There are three parts to the short book, three separate episodes that are, however connected -- over a fairly long period, as the time-gaps between them are large. Each part centers on an encounter between a male and female figure, each taking place in the hours up to and through dawn; other figures also appear, but are largely incidental: these stories are, in the main, one-on-one encounters. One or another of the characters is also in some way on the run -- often then not so much abetted by the other, as brought to safety (that's the idea, at least -- but Baricco has some nice spins on how that works here too). Each story is also presented dialogue-heavy, the back and forth between the two taking up most of the narrative. In each, in different ways, one character reaches out and tries to help another, a mix of uncertainty and absolute conviction driving their actions.
       The first encounter takes place in the lobby of a hotel, a woman entering it in the pre-dawn hours and finding only a man waiting there. As he explains, he deals in scales (of the measuring kind) and is waiting to go to an important business meeting; she seems to have partied a bit too long and hard and latches on to him, and keeps finding excuses to keep him there and busy. It's a nicely realized episode -- and, with its very unexpected conclusion, the encounter turns out to have been of a fundamentally different nature than readers were led to believe. Exactly what the nature of it is is then only revealed in the following episode, which takes place many years later -- and begins with another hotel-lobby encounter in the pre-dawn hours.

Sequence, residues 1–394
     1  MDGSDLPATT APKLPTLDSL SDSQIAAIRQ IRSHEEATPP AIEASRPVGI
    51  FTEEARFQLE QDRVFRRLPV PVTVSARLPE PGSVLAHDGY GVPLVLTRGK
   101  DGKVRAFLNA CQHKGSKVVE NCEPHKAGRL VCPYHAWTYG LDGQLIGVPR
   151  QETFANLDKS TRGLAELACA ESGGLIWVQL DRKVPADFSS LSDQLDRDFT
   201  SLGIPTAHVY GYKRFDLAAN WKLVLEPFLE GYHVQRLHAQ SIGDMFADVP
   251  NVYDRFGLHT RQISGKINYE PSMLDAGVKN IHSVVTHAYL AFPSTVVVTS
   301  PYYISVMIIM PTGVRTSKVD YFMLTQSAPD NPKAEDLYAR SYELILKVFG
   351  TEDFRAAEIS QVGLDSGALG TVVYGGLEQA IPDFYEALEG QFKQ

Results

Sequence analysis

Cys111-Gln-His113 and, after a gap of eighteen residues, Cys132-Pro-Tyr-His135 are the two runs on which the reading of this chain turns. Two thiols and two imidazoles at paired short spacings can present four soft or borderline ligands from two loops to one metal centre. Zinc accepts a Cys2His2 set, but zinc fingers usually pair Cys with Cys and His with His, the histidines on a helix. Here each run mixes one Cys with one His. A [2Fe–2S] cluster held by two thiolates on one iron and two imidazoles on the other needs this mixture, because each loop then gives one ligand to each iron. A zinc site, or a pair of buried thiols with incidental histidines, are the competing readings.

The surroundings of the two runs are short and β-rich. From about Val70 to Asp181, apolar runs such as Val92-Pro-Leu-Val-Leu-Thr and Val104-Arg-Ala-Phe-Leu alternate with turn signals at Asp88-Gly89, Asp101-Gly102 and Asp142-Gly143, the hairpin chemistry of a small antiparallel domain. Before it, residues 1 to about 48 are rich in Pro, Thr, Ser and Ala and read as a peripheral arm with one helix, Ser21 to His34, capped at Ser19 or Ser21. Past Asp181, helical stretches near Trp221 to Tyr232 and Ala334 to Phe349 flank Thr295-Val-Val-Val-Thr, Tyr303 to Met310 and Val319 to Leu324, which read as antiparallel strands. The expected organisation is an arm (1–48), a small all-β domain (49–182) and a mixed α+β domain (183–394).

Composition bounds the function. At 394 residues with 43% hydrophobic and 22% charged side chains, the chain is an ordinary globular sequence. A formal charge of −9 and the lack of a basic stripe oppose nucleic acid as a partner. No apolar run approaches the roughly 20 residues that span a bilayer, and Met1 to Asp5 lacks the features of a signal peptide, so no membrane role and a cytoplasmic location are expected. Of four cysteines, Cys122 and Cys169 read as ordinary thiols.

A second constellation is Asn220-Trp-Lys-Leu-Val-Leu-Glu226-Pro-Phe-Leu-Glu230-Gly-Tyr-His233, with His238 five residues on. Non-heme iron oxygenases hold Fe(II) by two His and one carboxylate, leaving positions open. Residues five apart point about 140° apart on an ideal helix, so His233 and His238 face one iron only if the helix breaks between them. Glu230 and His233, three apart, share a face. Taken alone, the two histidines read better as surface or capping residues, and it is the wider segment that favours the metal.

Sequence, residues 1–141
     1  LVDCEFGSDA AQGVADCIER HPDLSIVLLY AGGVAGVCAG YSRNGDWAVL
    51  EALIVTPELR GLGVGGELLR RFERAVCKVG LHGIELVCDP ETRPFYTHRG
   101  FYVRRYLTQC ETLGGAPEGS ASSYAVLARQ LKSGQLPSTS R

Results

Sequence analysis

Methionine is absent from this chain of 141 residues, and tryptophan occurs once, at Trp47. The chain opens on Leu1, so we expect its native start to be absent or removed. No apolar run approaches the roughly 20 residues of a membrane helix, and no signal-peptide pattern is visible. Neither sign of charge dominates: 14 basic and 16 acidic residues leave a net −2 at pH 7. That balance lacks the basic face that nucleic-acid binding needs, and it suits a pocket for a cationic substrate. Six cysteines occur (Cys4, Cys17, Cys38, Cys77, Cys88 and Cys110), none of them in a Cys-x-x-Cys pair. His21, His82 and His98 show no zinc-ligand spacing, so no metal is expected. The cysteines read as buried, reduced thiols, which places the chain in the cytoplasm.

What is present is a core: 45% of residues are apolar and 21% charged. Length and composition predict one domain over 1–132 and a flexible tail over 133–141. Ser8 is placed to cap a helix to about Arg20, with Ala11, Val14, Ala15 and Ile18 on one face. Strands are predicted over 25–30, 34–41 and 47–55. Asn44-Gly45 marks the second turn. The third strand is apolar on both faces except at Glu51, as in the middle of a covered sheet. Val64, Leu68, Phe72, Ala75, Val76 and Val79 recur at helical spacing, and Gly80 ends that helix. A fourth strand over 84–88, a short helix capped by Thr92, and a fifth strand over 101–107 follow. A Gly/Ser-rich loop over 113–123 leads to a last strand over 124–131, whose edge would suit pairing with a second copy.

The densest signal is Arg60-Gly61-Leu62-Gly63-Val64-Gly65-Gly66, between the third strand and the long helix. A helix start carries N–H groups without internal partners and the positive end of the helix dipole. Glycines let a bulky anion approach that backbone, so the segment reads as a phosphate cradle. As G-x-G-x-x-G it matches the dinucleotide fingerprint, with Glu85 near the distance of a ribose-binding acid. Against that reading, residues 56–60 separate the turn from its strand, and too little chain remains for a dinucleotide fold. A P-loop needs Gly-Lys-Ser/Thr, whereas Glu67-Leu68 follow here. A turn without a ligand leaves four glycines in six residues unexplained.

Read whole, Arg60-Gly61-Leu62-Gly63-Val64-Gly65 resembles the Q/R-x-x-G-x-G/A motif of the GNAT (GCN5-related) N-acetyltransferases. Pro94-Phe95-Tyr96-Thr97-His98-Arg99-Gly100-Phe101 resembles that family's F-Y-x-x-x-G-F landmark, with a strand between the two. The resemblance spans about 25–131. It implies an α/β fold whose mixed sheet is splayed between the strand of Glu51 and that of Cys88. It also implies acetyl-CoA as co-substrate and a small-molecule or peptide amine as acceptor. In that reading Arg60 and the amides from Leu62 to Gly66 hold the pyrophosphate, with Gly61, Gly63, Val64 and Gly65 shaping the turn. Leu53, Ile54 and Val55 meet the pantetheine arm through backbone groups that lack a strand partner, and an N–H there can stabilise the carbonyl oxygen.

If perhaps not quite the 'portraits' one might expect Gwyn to have written (these episodes are considerably longer, for one thing), they do suggest what he, and Baricco, are after, of getting at the essence of a life. The episodes focus on the present -- the situation the two central characters are in -- while neatly filling in background, the parts of the characters' pasts that have led them here, and made them who they are. There's an artful subtlety to how Baricco does this, making the stories -- and the whole -- all the more effective. "You would have struggled to figure out the story, seeing them", Baricco notes as one pair of his characters walk in the early morning hours, but Baricco presents just the right details, so that the pieces fall into place, here and elsewhere.
       A very good slim volume of connected (life-)stories.

- M.A.Orthofer, 22 June 2014

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Links:

Three Times at Dawn: Reviews: Other books by Alessandro Baricco under review: Other books of interest under review:

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About the Author:

       Italian author Alessandro Baricco was born in 1958.

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© 2014 the complete review